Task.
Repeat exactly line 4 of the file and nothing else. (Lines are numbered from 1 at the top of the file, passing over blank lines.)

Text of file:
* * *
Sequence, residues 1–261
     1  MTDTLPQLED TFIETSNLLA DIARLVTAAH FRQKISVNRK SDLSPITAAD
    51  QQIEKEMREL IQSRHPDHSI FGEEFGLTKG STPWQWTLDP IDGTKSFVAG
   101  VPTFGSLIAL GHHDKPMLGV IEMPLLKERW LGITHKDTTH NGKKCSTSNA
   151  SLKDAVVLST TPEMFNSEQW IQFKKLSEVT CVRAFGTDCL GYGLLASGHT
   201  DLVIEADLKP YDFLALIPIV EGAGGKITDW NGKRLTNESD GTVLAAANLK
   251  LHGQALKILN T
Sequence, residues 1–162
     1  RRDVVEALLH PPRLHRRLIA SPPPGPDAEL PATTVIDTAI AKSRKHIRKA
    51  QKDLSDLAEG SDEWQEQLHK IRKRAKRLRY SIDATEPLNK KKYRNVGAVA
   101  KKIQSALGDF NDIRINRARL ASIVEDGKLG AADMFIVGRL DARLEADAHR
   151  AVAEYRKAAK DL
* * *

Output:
   101  VPTFGSLIAL GHHDKPMLGV IEMPLLKERW LGITHKDTTH NGKKCSTSNA